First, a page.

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Today, the U.S. Food and Drug Administration approved Kanuma (sebelipase alfa) as the first treatment for patients with a rare disease known as lysosomal acid lipase (LAL) deficiency.
Patients with LAL deficiency (also known as Wolman disease and cholesteryl ester storage disease [CESD]) have no or little LAL enzyme activity. This results in a build-up of fats within the cells of various tissues that can lead to liver and cardiovascular disease and other complications. Wolman disease often presents during infancy (around 2 to 4 months of age) and is a rapidly progressive disease. Patients with Wolman disease rarely survive beyond the first year of life. CESD is a milder, later-onset form of LAL deficiency and presents in early childhood or later. Life expectancy of patients with CESD depends on the severity of the disease and associated complications. Wolman disease affects one to two infants per million births, and CESD affects 25 individuals per million births.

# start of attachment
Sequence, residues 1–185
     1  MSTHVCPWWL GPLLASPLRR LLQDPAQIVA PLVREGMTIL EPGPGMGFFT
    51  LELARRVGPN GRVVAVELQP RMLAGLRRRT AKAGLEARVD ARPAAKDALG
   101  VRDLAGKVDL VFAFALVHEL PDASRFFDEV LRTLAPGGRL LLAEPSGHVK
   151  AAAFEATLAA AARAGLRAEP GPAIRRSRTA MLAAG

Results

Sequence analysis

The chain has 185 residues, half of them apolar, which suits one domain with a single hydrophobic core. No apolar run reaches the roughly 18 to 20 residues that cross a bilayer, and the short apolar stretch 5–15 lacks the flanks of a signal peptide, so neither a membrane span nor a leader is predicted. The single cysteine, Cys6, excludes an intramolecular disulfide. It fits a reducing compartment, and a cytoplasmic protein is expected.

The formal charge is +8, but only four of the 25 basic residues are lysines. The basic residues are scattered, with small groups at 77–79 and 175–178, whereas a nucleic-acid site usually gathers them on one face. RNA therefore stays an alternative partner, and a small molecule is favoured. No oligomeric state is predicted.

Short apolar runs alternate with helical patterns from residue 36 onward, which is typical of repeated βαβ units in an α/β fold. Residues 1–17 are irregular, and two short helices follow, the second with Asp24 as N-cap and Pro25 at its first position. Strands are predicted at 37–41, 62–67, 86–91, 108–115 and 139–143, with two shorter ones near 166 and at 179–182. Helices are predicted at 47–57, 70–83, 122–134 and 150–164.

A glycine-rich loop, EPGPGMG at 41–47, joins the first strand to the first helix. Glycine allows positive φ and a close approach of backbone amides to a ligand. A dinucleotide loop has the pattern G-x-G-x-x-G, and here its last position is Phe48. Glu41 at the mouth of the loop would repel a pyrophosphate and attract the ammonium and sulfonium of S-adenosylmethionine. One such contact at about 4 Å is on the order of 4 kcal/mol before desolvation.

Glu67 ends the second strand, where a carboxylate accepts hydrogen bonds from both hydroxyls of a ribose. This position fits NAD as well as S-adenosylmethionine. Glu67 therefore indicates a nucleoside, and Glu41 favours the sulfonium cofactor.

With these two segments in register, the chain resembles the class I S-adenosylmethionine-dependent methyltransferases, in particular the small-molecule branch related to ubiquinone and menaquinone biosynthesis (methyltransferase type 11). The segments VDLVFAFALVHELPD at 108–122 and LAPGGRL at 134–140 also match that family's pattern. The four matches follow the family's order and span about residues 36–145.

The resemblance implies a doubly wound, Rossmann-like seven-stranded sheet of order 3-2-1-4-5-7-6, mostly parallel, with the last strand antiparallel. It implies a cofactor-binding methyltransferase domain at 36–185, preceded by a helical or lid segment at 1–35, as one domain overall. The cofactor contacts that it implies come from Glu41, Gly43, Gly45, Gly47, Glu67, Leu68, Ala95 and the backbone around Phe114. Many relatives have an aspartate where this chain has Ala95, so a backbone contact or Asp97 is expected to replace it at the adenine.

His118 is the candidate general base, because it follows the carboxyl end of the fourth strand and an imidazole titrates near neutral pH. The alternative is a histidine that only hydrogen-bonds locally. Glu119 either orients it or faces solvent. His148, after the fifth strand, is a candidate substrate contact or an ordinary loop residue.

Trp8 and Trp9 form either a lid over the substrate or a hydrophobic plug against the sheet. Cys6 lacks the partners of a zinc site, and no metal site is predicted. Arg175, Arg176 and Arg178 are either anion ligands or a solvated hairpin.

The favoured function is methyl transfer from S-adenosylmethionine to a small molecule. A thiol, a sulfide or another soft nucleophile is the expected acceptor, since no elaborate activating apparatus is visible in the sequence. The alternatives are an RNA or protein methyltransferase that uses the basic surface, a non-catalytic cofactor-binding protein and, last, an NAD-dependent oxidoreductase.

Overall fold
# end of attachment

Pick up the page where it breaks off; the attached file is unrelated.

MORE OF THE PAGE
Today’s action involved approvals from two FDA centers. The Center for Veterinary Medicine (CVM) approved an application for a recombinant DNA (rDNA) construct in chickens that are genetically engineered (GE) to produce a recombinant form of human lysosomal acid lipase (rhLAL) protein in their egg whites. The FDA regulates GE animals under the new animal drug provisions of the Federal Food, Drug, and Cosmetic Act, because an rDNA construct introduced into an animal to change its structure or function meets the definition of a drug. The Center for Drug Evaluation and Research (CDER) approved the human therapeutic biologic (Kanuma), which is purified from those egg whites, based on its safety and efficacy in humans with LAL deficiency.
The most common side effects observed in patients treated with Kanuma are diarrhea, vomiting, fever, rhinitis, anemia, cough, headache, constipation, and nausea.
In its review of the GE chicken application, CVM assessed the safety of the rDNA construct, including the safety of the rDNA construct to the animals, as well as a full review of the construct and its stability in the genome of the chicken over several generations. No adverse outcomes were noted in the chickens. As required by the National Environmental Policy Act and its implementing regulations, CVM evaluated the potential environmental impacts of approval of the sponsor’s GE chickens and determined that the approval does not cause any significant impact on the environment, because the chickens are raised in highly secure indoor facilities.
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